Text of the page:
New York PSC plans July 29 meeting on Cayuga coal plant options

The New York State Public Service Commission plans a July 29 information session for the public on the options for repowering or otherwise replacing the coal-fired capacity at the Cayuga power plant.

The commission has an ongoing proceeding to examine options to address local electric reliability needs presented by the proposed mothballing of two coal-fired facilities – one in Lansing, N.Y., owned by Cayuga Operating Co. LLC, and one in Dunkirk, N.Y., owned by NRG Energy (NYSE: NRG).

One alternative being examined is the conversion from coal to gas (repowering) of the Cayuga and Dunkirk facilities, with cost recovery guaranteed through contracts between the plant owners and the interconnected utilities, New York State Electric and Gas (NYSEG) in the case of Cayuga, and Niagara Mohawk Power d/b/a National Grid in the case of Dunkirk. Another option involves NYSEG and National Grid building transmission reinforcements to ensure system reliability should the Cayuga and Dunkirk facilities be mothballed, the PSC said in a July 12 public notice.

A public information forum will be held July 29 in Lansing, N.Y., on the options available to NYSEG to address the electric reliability concerns should the Cayuga facility be mothballed. The commission invites public comment on those alternatives in a public statement hearing which will immediately follow the public information forum.

During the public information forum:

  • the New York State Department of Public Service Staff will provide a brief overview of the purpose of the proceeding and next steps;
  • NYSEG will provide a brief description of the transmission reinforcements; and
  • Cayuga Operating will provide a description of what is entailed with repowering the Cayuga facility.

Staff, NYSEG, and Cayuga Operating representatives will be available to respond to questions from the public.

NYSEG pushing to shut Cayuga, make transmission upgrades instead

NYSEG on May 17 filed with the commission its Cayuga Repowering Analysis in response to the commission’s Jan. 18 order to look at options for this coal-fired facility. The July 12 hearing notice particularly mentioned the NYSEG report as a relevant document for public scrutiny.

The report’s recommendations are necessarily preliminary given the unverified nature of the information underlying the four repowering options proposed by Cayuga Operating, which operates the plant, said NYSEG, which controls the transmission over which the power from that plant flows.

The report recommends that the company’s transmission reinforcement alternative be adopted as the best available option. Moreover, given the uncertainty inherent in a generation option, ther also recommends that transmission planning be continued for risk mitigation until such time as any repowered generation is actually brought on line.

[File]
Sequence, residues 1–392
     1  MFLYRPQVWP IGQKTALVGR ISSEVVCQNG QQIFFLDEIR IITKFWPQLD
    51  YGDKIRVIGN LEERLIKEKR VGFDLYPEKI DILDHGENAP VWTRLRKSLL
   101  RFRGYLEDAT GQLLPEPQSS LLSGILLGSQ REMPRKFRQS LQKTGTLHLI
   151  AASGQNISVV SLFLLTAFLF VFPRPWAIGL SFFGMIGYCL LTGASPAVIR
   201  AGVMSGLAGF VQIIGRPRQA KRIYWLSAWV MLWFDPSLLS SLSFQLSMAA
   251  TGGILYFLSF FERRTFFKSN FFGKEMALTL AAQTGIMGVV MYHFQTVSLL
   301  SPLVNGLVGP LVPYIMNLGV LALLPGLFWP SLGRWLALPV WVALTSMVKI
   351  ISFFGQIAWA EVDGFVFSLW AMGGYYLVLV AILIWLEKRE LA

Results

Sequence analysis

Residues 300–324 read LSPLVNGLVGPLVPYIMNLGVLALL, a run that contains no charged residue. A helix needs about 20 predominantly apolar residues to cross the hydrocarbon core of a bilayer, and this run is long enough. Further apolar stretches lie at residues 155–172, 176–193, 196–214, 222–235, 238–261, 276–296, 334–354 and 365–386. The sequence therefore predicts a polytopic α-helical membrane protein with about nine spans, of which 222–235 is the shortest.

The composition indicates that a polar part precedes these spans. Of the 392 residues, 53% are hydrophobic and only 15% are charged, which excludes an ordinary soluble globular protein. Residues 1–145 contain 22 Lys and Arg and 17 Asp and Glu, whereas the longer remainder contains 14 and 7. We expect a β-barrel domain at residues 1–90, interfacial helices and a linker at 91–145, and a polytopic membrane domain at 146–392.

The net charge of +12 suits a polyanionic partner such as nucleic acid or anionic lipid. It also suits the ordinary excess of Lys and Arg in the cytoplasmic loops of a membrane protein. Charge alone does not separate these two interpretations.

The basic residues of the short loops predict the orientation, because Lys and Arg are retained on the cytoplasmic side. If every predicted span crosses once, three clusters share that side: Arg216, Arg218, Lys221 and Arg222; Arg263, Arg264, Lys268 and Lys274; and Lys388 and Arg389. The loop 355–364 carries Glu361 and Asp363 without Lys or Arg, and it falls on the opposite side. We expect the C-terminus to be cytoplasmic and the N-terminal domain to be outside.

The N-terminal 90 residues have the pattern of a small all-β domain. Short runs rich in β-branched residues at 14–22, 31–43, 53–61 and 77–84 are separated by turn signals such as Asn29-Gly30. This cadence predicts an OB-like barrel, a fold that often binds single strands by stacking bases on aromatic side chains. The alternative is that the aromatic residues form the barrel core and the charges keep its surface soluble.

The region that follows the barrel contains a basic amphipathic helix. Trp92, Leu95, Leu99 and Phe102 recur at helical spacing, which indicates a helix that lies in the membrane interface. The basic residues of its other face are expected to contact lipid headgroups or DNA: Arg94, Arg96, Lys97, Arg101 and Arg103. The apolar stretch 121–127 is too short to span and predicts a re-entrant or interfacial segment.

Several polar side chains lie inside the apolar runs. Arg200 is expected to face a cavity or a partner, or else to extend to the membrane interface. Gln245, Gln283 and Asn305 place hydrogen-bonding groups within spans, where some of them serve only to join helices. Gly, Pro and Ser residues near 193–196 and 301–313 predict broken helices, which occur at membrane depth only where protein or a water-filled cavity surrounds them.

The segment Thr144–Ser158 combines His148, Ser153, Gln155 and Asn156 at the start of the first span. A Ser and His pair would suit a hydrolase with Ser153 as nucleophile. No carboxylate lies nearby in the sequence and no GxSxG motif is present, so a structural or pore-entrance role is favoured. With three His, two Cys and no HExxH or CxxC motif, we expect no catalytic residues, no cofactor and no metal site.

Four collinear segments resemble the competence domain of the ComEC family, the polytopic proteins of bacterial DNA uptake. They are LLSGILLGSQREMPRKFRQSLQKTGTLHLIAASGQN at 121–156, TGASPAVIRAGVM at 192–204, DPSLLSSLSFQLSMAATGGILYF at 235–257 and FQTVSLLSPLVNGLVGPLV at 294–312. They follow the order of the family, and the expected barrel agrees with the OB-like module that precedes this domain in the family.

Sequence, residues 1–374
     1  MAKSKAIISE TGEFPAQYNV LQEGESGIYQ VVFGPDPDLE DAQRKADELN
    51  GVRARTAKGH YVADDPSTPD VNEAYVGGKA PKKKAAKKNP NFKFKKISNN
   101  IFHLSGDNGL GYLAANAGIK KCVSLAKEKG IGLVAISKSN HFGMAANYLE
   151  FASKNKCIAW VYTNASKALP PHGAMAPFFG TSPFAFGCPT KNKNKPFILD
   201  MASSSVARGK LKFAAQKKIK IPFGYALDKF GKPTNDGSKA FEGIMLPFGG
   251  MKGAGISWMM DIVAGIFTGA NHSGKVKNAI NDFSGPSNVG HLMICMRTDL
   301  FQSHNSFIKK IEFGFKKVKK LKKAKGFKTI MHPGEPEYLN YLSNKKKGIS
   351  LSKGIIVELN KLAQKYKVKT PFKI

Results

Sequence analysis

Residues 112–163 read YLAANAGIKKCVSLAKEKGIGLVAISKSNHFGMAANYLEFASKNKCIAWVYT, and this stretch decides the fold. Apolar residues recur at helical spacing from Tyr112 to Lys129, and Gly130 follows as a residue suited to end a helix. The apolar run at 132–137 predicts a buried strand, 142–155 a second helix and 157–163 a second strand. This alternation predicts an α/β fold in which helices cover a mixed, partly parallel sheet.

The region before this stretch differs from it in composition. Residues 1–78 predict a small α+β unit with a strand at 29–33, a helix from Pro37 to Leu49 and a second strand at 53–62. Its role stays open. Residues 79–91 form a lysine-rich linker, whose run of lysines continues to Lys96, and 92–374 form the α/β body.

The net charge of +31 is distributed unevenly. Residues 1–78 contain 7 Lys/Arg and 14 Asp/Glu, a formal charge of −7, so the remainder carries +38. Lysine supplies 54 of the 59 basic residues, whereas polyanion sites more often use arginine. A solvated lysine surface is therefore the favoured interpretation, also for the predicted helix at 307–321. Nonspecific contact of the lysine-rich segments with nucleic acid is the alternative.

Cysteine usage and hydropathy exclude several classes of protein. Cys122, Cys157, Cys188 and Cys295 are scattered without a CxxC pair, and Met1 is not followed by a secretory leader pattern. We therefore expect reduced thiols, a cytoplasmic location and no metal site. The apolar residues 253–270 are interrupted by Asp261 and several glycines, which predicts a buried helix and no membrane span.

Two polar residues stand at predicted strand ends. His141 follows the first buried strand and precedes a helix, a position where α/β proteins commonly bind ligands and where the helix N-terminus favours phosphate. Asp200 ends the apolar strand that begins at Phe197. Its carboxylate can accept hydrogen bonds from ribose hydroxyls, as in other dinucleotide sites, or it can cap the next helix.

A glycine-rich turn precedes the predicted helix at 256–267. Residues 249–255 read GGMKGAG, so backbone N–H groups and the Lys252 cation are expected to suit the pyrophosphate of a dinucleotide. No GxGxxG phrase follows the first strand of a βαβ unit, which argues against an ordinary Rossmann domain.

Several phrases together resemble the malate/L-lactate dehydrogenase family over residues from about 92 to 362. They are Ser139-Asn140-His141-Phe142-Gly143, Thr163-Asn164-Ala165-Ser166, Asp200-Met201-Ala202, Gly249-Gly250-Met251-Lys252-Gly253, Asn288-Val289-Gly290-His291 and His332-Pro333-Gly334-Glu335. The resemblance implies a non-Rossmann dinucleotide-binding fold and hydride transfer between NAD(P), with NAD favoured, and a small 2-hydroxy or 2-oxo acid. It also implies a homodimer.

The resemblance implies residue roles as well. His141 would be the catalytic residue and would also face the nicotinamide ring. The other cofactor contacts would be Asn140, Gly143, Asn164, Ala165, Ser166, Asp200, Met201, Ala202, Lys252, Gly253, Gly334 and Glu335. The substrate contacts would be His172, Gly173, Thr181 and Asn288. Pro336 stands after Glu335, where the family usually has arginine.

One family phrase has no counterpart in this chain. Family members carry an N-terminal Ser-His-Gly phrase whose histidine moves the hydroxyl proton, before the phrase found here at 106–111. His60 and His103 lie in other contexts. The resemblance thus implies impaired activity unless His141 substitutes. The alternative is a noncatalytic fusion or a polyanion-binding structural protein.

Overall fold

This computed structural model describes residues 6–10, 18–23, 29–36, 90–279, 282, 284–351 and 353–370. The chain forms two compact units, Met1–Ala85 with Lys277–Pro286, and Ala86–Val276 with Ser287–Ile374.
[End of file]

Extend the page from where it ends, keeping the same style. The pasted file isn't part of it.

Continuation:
Since the system reinforcements necessary to mitigate the reliability impacts would not be in service until after the proposed mothball date, NYSEG determined that Cayuga would need to remain capable of operating and available for commitment in order to maintain system reliability on an interim basis, with a deal covering that having an initial term out to Jan. 15, 2014.

Cayuga presented four separate repowering options:

  • Option 1 – would repower the two existing coal-fired boilers with natural gas while continuing to utilize the balance of the existing facilities to generate electricity. The maximum output of Option 1 is 300 MW. The existing Cayuga facility entered commercial operation in the 1950s and exists today as two units with a total site output of 300 MW (net).
  • Option 2 – would repower Cayuga with simple-cycle combustion turbine generators firing only natural gas. Option 2 proposes three new General Electric LMS100 simple-cycle combustion turbines with a maximum combined output of 294 MW. The objective of Option 2 is to continue a reliable supply of approximately 300 MW of electricity to the grid and the proposed simple-cycle gas turbines offer a potential solution for this need.
  • Option 3 – is to repower the Cayuga Unit 2 with a combined-cycle combustion turbine generator, a heat recovery steam generator (HRSG) and a condensing-cycle steam turbine generator. The objective of Option 3, like each of the preceding options, is to supply a nominal 300 MW to the grid on a high-reliability basis.
  • Option 4 – proposes two new combined-cycle combustion turbine generator trains with a maximum output of 326 MW.
About Barry Cassell 20414 Articles
Barry Cassell is Chief Analyst for GenerationHub covering coal and emission controls issues, projects and policy. He has covered the coal and power generation industry for more than 24 years, beginning in November 2011 at GenerationHub and prior to that as editor of SNL Energy’s Coal Report. He was formerly with Coal Outlook for 15 years as the publication’s editor and contributing writer, and prior to that he was editor of Coal & Synfuels Technology and associate editor of The Energy Report. He has a bachelor’s degree from Central Michigan University.